# How to turn 15000000 to 15,000,000

Hello there,

I'm having trouble figuring out how to accomplish something that seems like it should be simple. I want to change 15000000 to 15,000,000 for me. Additionally, I'd like it to check how many digits are in the number, and if there are nine digits, like in the case of 123000000, I would like it to change the number to 123,000,000. Any assistance with this would be greatly appreciated.

Thank you.

I am not at the computer to try, but maybe you could use the format option.
https://wiki.keyboardmaestro.com/token/CalculateFormat

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@JimmyHartington has the right idea. But unlike him, I am at my computer, so I made a little example to show you how formatting works. You basically just hashtags in place of integers, and whatever formatting you wish, such as comma separators and decimal points. You can even use more hashtags than necessary, as KM will automatically format it according to how many digits the integer has.

Format integers.kmmacros (7.0 KB)

Macro Screenshot (click to expand/collapse)

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Thank you to both of you. All I needed was to set a variable to itself and change the format according to your instructions. It would be great if Keyboard Maestro could allow user input for defining variables. For example, if I enter 49,000,000 for the first value and 23,000,000 for 2nd value in the user input field, I cannot add two values together.

Keyboard Maestro uses commas as array separators, so a variable containing â€ś49,000,000â€ť is treated as an array of three numbers.

However you can use underscores in numbers, so you can write it like this: â€ś49_000_000â€ť.

Hi Peter, I appreciate your response; however, Iâ€™m afraid that wonâ€™t work for me as Iâ€™ve always separated money with commas. For now, Iâ€™ll set a variable to itself and change the format using pound signs.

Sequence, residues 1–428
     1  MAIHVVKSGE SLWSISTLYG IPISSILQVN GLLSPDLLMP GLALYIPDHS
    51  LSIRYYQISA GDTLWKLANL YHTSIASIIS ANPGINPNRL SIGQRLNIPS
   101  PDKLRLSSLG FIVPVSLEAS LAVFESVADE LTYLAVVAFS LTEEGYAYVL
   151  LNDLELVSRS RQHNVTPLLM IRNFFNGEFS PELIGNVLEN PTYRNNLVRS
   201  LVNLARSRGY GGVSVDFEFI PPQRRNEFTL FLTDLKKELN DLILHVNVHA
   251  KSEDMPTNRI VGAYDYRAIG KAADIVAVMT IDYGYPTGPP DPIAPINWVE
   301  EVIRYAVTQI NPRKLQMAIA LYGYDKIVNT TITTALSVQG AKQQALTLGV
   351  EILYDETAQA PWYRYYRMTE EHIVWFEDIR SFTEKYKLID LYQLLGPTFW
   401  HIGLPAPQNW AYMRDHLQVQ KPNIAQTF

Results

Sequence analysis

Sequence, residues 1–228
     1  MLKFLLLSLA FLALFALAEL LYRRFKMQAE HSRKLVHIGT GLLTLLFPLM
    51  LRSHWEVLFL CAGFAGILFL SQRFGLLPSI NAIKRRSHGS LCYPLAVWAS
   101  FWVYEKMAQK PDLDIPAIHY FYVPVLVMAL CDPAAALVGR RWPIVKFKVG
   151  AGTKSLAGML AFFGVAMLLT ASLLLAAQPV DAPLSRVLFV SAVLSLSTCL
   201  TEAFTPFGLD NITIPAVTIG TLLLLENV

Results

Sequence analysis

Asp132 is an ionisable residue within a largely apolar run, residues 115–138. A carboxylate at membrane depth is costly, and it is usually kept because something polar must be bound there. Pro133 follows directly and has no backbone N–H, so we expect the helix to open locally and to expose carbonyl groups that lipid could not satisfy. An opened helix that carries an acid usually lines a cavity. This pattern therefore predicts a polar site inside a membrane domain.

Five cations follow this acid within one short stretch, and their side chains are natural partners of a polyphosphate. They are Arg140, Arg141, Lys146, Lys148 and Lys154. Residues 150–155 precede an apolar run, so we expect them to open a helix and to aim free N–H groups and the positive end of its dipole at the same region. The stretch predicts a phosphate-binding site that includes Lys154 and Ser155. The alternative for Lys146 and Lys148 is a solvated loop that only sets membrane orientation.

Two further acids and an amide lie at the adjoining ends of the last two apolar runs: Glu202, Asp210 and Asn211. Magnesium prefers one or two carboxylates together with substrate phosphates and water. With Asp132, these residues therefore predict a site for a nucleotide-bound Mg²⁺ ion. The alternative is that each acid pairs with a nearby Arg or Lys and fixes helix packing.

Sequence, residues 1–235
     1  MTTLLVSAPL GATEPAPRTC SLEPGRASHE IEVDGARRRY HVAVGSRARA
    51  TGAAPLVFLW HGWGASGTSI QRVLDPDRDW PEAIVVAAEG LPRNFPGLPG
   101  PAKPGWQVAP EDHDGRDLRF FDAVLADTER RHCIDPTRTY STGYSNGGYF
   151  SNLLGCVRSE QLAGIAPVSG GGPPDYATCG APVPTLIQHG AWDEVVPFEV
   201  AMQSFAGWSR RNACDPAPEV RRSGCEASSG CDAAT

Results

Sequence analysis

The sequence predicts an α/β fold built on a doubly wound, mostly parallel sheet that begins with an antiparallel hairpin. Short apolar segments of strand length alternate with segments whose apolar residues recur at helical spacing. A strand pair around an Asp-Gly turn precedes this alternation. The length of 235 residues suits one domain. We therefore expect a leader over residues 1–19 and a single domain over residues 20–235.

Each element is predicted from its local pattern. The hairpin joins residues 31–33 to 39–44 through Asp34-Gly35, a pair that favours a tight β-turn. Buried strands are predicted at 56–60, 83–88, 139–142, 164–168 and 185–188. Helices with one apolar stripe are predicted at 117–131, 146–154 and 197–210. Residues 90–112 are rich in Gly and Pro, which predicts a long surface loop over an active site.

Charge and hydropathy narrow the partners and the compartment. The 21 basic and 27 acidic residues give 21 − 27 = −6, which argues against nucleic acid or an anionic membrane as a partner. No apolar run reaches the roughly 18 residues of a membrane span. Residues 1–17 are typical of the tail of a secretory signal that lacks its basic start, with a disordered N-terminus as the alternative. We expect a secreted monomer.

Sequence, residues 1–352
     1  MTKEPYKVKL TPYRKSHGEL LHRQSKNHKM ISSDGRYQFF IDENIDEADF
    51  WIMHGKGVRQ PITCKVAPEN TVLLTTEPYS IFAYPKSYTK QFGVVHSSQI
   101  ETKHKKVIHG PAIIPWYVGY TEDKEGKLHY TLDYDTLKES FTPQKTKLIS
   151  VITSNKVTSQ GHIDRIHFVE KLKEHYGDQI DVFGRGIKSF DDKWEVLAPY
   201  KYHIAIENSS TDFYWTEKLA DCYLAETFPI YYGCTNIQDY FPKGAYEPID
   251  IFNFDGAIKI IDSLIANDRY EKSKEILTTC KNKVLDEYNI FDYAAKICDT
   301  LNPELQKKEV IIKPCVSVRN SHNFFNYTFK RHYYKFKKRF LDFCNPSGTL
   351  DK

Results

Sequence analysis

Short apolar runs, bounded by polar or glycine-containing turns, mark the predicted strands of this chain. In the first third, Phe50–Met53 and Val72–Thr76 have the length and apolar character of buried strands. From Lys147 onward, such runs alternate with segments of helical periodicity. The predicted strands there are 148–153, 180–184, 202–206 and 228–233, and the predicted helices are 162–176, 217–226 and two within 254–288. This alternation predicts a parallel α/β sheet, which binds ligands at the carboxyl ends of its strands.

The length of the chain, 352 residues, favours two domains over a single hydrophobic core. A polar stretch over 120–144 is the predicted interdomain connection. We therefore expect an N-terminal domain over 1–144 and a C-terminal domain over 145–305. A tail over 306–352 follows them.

Then read the variable as text from the Prompt, and then use the Search and Replace action to remove the , (or replace them with _).

Thanks! Currently, I am utilizing cdthomerâ€™s solution, and it is highly effective.

Yes, that will add the commas for you. My suggestion was to help with the reverse, removing the commas so Keyboard Maestro can process it as a number.

For example, that macro, if you fed it a number containing commas, would fail to do what you want.

Thatâ€™s correct, and I am sorry for forgetting to mention that I am already doing it.

Then, Once I get the desired input from the keyboard, I use a set variable to add commas in between.

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Could you elaborate a little on the last part of the script, whatâ€™s the point of manually deleting debug variables in this way?

Edit: btw, I know the point is to delete them , but Iâ€™m wondering arenâ€™t the variables going to go out of scope and be removed automatically when the macro is done running?

Sure! Technically, thereâ€™s no such thing as a â€śdebugâ€ť variable... there are global, local and instance variables (See the Variables Wiki entry for more info). But global variables are the only kind that persist after a macro has done executing. This is valuable when building, modifying or debugging a macro because it allows you to see the variableâ€™s value even after the macro is done executing, unlike the other two kinds.

However, most of the time, I donâ€™t need to see these variables once the macro is completely built and reliable. Since I, 1) donâ€™t want to see a massive list of variables in my KM preferences window, and 2) global variables seem to slow down macro executions compared to local and instance variables, I like to convert all of my global variables to local or instance once Iâ€™ve finished building, modifying or debugging the macro.

But until that time, I sometimes use that AppleScript to delete those debug variables at the end of the macro, particularly when Iâ€™m sharing macros on the forum, because I donâ€™t want to clutter up other peopleâ€™s systems with these global variables. Prepending `debug__` to them just makes it easier to make sure I get them all deleted and donâ€™t miss any.

Just saw this part of your comment... no, `debug__` variables arenâ€™t deleted automatically, because theyâ€™re actually global variables (see the first paragraph of my initial comment).

The whole `debug__` part is just something I use to prepend a global variable for easy identification... itâ€™s nothing intrinsic to KM itself. I also use other formats to prepend variables for other purposes... for instance:

• for generic variables I want to save permanently, I use `DND__` (as do many others here)

For other variables I want to save permanently, but are used for specific cases, Iâ€™ll use things like:

• `LB__` (for my job)
• `Music__` (for music related things)
• `Finder__` (for macros that work in Finder only) etc.
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